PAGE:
All about garlic

This Article is taken from The Herbalist, newsletter of the
Botanic Medicine Society. COPYRIGHT Dec 1988. 
Membership in the Society is $25.00 Canadian per year. You
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Allium sativum - Garlic  (Liliaceae)

Parts used - bulb. Fresh juice is most effective.

Constituents - contains volatile oil which is composed of allicin
and sulphur related compounds plus citral, geraniol, etc.
Allicin is the major odour principle and taste of garlic, It is
generated by action of the enzyme alliinase on alliin. Under
normal conditions alliinase and alliin are separated from each
other inside the garlic bulb. However when the bulb is cut or
crushed, the two are brought together and allinase turns alliin (
a non volatile odorless sulfur amino acid) into allicin( a
pungent volatile sulphur compound.

- also contains enzymes, mucilage, protein and lipids.
- also contains selenium-best known source, has antioxidant

Properties- alterative, stimulant, diaphoretic, expectorant,
antiseptic, antibiotic, antispasmodic, cholagogue, vulnerary,
has antibacterial and antifungal properties.

- the ingredient allicin inhibits growth of various bacteria,
fungi, amoebas.

- inhibits production of harmful bacteria in the colon, for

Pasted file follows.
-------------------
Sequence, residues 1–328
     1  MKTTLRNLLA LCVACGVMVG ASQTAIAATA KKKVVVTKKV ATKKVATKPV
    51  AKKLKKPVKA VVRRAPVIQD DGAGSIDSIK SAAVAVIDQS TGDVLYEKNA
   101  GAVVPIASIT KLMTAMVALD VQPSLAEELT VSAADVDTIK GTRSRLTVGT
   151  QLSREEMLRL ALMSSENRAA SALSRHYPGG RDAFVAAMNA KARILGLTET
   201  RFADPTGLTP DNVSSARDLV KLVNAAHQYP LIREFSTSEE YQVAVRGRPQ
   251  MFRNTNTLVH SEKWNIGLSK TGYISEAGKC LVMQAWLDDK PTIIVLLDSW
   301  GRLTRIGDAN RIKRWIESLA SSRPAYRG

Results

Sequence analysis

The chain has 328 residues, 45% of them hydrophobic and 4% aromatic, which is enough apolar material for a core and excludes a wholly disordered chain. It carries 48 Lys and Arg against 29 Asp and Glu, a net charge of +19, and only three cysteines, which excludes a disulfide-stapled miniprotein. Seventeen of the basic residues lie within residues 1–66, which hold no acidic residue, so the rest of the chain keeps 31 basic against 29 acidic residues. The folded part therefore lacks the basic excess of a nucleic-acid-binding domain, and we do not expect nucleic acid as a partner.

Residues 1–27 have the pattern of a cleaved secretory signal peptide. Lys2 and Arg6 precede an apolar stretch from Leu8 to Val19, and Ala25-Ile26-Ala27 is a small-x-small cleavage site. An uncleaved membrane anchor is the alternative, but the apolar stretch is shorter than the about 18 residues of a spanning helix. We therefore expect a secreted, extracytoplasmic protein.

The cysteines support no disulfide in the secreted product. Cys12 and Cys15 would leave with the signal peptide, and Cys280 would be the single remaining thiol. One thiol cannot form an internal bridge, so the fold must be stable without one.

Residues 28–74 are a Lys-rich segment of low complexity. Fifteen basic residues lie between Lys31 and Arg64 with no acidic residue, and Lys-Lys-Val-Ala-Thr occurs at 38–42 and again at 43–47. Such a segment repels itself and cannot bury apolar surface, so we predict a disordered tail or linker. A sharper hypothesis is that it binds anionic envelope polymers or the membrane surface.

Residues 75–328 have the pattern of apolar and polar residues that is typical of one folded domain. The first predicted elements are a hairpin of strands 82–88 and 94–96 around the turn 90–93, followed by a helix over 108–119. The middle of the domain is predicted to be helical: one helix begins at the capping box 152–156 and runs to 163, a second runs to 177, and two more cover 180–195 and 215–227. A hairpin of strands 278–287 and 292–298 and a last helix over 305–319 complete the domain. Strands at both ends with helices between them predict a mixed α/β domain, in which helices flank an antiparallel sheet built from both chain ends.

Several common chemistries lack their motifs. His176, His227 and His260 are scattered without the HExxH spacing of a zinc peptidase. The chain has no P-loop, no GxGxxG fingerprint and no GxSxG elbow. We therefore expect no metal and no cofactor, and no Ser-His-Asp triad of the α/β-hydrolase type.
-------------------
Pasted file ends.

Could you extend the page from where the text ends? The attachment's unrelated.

influenza, common cold and any types of viral infections. 

- is natural penicillin - it has only 1% of the impact of
penicillin but it is more effective with gram negative bacteria
than penicillin.

- lowers blood pressure and blood cholesterol- use garlic oil for

- for prevention and elimination of heavy metal poisoning from
the body on a daily basis-due to sulphur content.

- is rubefacient and use as poultice in acute pectoral and
abdominal inflammation and for drawing pustules and boils to a
head- for canker sores

- use in cookery as an aid to digestion

- commonly used in formulas to help strengthen immunity to

- onions are similar but not as strong.

Overdose- induces blisters, irritations or dermatitis in some

Try this Recipe

Garlic Syrup- 1/2 pound peeled garlic buds
              equal amounts vinegar and distilled water(enough to
              cover garlic buds)
              1/2 pint glycerine
              1 1/2 pounds honey

Peel the garlic. Add equal amounts of vinegar and distilled water
to cover the garlic. Use wide mouth jar, close tightly and shake
well. Stand it in a cool place for four days. Shake it once or
twice a day. Add glycerine. Shake the jar and let it stand
another day. Strain the liquid with pressure through a sieve.
Blend in the honey and place liquid in a labeled jar. Store in a
cool place. 

Optional: simmer three ounces of fennel seeds and/or caraway
seeds for half an hour and add it to the mixture while it is
steeping and before it is strained. Regular dose is 1 tsp three
times a day.